Sewage sludge is the waste material that is produced during the treatment of industrial or municipal wastewater. As the amount of sludge increased with the implementation of environmental programs in many countries, handling of sewage sludge began to attract considerable attention. In agriculture, treated sewage sludge is used as biosolids to spread over land for non-food agriculture or food agriculture. However, this practice raises many disputes due to health and environmental concerns [1
and characterized as light porous particles with large water absorbing ability, sewage sludge has potentials as high recycling value for construction industry. Researchers have investigated the use of sewage sludge ash (SSA) for various construction applications, such as components of bricks and tiles, raw material for cement production, aggregates of concrete and mortar, a synthesized component of lightweight materials, and substitutes for sand and/or cement in road pavement [2
Among these applications, applying SSA to produce bricks and tiles has been a major area with promising potentials and has attracted much attention in academia. Tay [3
] was one of the first pioneers to mix dry sewage sludge with clay to fabricate blocks, finding 40% dry sludge replacement a feasible solution. Tay and Goh [4
] later found some blemishes appeared in the tiles with a high sludge replacement ratio. In order to better understand the properties of incinerated sewage sludge ash (ISSA) for possible construction use, Lin [5
] studied the mineralogy and microstructures of SSA and found that the bulk density of the sintered monoliths reduced as the sintering temperature increased from 1050 to 1100 °C. Lin and Weng [6
] added various percentages of SSA, ranging from 0% to 50% to clay in producing brick samples. After a series of tests, the results showed that an appropriate quantity of sewage sludge ash replacement was below 20%. Weng and Lin [7
] later investigated SSA tiles further and discovered some major shortcomings of SSA tiles, including excessive water absorption, deficient abrasion, and extensive porosity. Many attempts have been made to resolve such shortcomings. Lin et al. [8
] applied glaze with different colorants to ISSA biscuit tile specimens and found that glaze improved the bending strength, abrasion resistance, and acid-alkali resistance of tiles. Wiebusch and Seyfried [9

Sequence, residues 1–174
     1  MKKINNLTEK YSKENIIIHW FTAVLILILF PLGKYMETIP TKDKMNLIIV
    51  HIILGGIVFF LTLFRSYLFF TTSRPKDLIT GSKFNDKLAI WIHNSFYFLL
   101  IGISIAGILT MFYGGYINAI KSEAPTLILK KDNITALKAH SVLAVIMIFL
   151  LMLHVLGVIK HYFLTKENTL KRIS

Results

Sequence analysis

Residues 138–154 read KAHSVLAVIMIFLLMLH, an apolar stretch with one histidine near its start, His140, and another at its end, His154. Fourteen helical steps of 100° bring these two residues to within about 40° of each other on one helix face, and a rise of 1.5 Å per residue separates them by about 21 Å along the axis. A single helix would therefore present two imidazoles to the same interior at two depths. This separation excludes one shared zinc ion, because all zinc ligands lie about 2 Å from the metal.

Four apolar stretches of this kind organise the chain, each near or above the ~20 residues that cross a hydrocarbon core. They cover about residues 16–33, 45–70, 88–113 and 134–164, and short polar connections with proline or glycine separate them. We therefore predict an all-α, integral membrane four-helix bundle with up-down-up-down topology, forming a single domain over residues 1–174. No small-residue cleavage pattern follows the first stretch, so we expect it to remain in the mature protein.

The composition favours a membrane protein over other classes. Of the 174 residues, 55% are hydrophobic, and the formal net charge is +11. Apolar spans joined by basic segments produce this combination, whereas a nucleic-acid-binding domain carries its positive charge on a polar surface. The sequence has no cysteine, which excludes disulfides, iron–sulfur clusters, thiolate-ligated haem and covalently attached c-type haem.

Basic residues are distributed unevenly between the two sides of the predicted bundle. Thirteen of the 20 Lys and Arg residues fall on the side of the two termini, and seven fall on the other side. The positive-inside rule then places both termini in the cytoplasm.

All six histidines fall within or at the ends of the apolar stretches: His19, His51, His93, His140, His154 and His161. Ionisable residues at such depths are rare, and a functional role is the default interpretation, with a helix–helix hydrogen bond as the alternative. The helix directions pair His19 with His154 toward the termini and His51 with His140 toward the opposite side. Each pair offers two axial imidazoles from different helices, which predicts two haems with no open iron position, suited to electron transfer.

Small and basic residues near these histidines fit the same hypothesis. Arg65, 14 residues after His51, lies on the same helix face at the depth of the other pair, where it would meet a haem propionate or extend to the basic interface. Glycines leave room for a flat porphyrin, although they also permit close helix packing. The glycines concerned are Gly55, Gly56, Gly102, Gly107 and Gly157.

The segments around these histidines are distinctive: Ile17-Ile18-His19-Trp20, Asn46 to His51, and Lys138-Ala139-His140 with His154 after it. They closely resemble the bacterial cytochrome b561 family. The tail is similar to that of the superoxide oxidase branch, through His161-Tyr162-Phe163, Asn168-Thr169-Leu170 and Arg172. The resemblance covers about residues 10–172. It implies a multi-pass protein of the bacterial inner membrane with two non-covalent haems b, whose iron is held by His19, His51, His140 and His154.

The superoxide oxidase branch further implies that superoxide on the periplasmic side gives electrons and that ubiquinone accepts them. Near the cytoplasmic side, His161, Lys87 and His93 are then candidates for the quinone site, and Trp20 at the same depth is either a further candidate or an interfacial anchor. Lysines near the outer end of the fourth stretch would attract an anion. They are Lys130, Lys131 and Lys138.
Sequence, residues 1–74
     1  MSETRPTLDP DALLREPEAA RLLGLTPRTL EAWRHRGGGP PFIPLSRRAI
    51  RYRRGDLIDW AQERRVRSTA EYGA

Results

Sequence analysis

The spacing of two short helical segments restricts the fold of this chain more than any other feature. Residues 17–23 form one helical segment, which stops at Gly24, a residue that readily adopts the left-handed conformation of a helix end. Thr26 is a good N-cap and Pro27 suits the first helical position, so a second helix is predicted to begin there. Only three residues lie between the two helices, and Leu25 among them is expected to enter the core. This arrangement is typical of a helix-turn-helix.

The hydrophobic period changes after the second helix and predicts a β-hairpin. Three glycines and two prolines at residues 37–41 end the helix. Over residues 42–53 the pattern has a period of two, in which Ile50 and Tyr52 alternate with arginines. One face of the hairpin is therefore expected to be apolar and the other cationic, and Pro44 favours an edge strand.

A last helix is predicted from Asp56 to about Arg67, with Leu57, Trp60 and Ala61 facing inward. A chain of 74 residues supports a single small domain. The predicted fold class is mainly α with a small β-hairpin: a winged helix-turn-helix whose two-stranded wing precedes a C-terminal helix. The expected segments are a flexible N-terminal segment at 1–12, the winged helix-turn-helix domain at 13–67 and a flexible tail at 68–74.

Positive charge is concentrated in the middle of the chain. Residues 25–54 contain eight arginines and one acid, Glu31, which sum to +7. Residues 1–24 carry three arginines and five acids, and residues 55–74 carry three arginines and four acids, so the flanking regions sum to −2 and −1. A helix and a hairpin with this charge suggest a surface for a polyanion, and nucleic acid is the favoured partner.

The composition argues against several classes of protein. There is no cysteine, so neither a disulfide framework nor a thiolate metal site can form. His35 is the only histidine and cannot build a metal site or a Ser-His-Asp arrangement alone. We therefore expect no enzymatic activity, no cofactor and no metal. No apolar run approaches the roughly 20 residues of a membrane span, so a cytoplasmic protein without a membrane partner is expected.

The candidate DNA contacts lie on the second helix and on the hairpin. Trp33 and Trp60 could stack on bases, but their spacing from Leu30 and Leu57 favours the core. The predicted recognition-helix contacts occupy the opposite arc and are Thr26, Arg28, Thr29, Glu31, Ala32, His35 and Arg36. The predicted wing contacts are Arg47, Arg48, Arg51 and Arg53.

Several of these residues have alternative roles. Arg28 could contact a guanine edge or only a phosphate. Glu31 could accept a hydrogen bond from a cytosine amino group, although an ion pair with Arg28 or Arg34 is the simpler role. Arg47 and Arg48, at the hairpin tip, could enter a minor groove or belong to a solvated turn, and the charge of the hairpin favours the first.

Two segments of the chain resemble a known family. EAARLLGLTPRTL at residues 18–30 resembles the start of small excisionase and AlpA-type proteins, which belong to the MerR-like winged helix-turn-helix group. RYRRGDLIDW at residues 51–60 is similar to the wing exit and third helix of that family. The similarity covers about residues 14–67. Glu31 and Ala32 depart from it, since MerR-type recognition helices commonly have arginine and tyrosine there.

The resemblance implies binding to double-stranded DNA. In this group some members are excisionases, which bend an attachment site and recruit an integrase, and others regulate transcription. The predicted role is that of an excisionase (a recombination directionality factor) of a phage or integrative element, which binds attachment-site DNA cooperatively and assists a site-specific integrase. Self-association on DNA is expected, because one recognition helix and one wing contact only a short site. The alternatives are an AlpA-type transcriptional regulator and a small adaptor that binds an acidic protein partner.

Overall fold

], mixing sewage sludge with clay to manufacture bricks and tiles, noticed that different SSAs have different influences such as the ceramic qualities of bricks or tiles. Monteiro et al. [10
] used SSA contents of 0, 3, 5, and 10 wt % to manufacture tiles at different kiln temperatures and found that the addition of 10 wt % SSA to the tiles improved their water absorption behavior but slightly reduced their bending strength. Zhou et al. [11
] performed a series of formulation experiments and characterized the physical and chemical properties of tiles and found that the maximum quantity of sewage sludge used in the spilt tiles is 60%. Lin et al. [12
] applied nano-SiO2
as an additive to tiles containing SSA. They proved that tile bending strength improved with increased nano-SiO2
amount. Moreover, Lin et al. [13
] studied the influences of kiln temperature and the amount of nanomaterial additive on the properties of SSA tiles and concluded that tile bending strength increased with increasing temperature when kiln temperatures were lower than 1100 °C, while both bending strength and firing shrinkage decreased as temperature went beyond 1150 °C.
Glass has also become a useful additive for improving SSA tiles. Lin and Cheng [14
] mixed clay and different amount of solar panel waste glass to manufacture eco-tiles, and used XRD (X-ray diffraction), FTIR (Fourier transform infrared spectroscopy), and SEM (scanning electron microscopy) to investigate the characteristics of the microstructures of the specimens. Kim et al. [15
] used LCD (liquid crystal display) waste glass as a flux material to replace the traditional feldspar in the manufacture of the ceramic tile specimens. They found that the calcined tile body containing LCD waste glass had a dense microstructure and had positive influences on tile specimens such as water absorption and the thermal expansion coefficient. Rozenstrauha et al. [16